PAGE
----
Amazon Watch has a history of working with Indigenous communities and allied organizations resisting the construction of the Belo Monte Dam on the Xingu. Belo Sun's "Volta Grande Project" was announced shortly after the campaign to stop Belo Monte failed, threatening to gravely exacerbate the megadam's disastrous consequences.

Last month, Amazon Watch joined a coalition led by Rede Xingu+ and the Xingu Alive Movement working to scrutinize the proposed mega-mine's environmental impact assessment (EIA), by commissioning a technical assessment of its waste facilities – known as its tailings dam – to assess the social and environmental viability of Belo Sun's mining project considering the grave risk to Indigenous and other river-dwelling communities.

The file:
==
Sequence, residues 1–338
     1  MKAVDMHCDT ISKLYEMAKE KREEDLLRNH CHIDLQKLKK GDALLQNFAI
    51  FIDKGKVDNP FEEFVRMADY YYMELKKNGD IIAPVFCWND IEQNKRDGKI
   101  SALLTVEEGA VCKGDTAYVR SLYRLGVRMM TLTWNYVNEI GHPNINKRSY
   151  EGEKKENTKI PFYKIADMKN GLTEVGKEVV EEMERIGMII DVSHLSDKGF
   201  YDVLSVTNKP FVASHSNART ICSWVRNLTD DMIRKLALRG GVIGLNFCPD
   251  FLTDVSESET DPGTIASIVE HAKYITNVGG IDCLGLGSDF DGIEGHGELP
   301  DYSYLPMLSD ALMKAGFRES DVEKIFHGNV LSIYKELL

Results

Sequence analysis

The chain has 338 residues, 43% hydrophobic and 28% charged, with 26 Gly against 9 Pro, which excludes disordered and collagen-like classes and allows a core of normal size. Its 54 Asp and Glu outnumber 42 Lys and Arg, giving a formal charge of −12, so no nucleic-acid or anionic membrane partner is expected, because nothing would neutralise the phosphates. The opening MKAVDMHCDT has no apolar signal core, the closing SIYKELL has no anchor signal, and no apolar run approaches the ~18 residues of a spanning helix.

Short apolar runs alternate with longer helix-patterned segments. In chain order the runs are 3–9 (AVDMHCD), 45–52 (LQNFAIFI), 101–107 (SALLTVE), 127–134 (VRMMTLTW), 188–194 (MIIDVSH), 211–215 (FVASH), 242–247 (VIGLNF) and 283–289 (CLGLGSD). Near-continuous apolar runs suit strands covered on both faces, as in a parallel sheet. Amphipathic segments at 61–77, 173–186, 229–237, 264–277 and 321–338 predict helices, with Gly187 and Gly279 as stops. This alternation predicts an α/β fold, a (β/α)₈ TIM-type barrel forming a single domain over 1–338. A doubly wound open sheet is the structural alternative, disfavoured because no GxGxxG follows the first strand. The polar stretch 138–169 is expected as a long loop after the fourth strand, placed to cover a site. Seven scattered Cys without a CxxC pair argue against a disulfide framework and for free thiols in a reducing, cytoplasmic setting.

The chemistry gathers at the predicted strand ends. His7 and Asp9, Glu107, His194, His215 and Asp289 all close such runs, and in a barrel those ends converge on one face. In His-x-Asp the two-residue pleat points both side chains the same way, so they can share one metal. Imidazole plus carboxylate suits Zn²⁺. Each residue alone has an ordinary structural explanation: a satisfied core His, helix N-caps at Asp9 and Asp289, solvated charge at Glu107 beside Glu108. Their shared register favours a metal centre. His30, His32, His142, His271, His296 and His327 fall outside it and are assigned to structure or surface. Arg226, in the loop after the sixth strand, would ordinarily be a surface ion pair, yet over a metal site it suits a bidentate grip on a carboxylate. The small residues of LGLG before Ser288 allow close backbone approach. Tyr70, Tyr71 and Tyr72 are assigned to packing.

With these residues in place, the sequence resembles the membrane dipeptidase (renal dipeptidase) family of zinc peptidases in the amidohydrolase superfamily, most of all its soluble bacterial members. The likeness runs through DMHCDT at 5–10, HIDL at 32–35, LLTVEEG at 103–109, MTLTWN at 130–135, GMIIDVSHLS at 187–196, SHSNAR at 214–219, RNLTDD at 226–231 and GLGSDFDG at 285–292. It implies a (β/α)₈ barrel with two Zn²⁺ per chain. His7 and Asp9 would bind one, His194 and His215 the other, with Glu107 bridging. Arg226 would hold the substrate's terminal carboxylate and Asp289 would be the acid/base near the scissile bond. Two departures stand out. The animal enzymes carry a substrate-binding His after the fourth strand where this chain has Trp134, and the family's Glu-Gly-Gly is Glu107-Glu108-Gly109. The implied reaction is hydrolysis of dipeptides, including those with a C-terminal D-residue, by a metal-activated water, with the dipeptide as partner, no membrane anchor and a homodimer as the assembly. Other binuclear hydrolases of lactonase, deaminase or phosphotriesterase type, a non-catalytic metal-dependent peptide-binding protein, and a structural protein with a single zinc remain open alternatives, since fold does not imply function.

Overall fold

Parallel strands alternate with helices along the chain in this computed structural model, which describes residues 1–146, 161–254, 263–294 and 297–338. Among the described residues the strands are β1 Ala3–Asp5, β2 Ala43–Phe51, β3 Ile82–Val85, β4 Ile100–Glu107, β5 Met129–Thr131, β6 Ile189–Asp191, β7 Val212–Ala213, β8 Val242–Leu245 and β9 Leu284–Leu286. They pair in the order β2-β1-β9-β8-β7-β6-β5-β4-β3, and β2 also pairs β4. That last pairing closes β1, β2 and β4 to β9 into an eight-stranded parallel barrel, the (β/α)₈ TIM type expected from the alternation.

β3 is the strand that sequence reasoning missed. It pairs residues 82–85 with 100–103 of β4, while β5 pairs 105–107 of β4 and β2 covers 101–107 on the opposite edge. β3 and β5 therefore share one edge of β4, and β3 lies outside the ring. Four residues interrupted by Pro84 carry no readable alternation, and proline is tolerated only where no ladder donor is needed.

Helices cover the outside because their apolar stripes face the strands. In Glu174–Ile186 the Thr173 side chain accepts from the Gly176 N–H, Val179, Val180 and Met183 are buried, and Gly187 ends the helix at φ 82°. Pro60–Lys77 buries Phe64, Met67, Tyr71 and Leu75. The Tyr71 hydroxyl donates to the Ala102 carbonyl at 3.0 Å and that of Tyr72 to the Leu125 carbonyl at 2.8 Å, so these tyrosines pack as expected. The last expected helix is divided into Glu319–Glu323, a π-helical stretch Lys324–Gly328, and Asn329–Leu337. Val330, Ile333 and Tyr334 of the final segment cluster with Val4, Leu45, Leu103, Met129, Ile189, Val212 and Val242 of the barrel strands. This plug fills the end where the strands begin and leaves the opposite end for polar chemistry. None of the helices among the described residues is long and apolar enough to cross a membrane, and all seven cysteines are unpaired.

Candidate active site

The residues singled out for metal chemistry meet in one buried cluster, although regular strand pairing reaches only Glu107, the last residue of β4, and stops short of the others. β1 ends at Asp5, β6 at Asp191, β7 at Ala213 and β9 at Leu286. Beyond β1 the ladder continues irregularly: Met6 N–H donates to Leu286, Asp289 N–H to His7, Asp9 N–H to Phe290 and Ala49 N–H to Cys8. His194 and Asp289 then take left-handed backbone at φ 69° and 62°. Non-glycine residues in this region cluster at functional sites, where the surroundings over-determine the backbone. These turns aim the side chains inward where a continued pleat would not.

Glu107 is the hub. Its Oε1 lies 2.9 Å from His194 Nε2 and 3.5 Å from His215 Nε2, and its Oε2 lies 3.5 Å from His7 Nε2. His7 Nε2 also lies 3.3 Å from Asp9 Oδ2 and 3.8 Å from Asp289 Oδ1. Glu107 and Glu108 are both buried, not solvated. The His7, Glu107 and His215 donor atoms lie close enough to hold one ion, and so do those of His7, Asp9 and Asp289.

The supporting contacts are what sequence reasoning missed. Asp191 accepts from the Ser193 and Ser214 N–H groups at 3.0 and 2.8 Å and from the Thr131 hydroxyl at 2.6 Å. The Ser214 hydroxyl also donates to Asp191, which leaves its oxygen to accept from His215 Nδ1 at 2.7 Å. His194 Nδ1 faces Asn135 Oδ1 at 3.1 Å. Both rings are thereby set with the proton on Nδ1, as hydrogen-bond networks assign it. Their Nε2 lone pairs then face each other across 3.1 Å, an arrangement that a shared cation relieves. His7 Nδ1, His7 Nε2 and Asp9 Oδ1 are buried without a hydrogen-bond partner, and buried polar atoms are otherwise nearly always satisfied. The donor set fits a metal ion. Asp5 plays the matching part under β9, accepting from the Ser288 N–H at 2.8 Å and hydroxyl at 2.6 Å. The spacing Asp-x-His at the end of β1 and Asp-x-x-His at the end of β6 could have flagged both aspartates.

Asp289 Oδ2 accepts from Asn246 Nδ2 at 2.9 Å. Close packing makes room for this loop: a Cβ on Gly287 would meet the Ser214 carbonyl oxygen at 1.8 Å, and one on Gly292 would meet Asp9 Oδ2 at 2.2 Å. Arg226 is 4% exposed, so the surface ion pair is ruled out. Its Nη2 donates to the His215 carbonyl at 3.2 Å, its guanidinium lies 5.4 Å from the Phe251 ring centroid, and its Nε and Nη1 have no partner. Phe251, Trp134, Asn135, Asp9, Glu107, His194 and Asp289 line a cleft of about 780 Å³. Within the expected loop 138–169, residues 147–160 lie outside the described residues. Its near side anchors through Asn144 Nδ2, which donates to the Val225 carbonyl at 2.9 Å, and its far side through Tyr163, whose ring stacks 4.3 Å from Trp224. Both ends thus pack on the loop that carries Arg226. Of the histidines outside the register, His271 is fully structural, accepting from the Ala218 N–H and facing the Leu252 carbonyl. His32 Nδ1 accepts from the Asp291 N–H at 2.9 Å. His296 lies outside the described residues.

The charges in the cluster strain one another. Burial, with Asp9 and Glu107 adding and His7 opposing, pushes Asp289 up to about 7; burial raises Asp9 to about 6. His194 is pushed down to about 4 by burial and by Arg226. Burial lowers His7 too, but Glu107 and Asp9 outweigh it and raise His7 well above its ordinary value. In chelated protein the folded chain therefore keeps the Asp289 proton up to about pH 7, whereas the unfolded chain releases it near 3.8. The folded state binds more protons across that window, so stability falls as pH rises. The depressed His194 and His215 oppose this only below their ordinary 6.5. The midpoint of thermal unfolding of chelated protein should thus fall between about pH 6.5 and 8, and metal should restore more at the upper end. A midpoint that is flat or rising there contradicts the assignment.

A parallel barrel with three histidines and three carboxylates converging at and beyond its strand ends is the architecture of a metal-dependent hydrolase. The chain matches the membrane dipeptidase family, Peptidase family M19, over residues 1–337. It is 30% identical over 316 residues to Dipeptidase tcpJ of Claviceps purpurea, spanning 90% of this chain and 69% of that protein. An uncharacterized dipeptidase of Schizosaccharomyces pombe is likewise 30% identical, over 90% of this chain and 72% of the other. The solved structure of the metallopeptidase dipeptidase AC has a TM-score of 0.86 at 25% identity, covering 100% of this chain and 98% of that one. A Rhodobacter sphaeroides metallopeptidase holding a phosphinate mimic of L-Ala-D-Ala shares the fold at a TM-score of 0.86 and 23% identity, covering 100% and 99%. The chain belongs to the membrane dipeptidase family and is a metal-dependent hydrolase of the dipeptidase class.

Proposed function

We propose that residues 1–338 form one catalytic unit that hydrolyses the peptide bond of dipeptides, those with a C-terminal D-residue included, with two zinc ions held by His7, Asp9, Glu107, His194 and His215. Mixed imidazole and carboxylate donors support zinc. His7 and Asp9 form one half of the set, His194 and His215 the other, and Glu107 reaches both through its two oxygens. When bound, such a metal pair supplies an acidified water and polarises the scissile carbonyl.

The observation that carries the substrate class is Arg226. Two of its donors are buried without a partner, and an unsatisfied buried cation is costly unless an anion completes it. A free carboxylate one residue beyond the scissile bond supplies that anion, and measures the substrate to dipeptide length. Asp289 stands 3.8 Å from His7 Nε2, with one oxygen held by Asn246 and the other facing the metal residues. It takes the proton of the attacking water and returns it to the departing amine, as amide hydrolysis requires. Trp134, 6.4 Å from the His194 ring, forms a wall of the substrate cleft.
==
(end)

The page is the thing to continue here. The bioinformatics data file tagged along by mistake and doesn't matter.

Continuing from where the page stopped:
The resulting study revealed the EIA's serious deficiencies and exposed an unacceptable degree of risk, resulting in a scenario where the tailings dam at the proposed Volta Grande gold mine will fail, poisoning the Xingu River and the peoples who rely on it for survival. Based on his findings, the report's author, Dr. Steven Emerman, recommends that the project's license be revoked. Other technical evaluations of Belo Sun's shortcomings have pointed toward the same recommendations.

This isn't the first time Belo Sun has failed to study the impact on Indigenous and other traditional communities, and to consult these populations. In 2017 Brazilian courts suspended Belo Sun's installation license for similar reasons.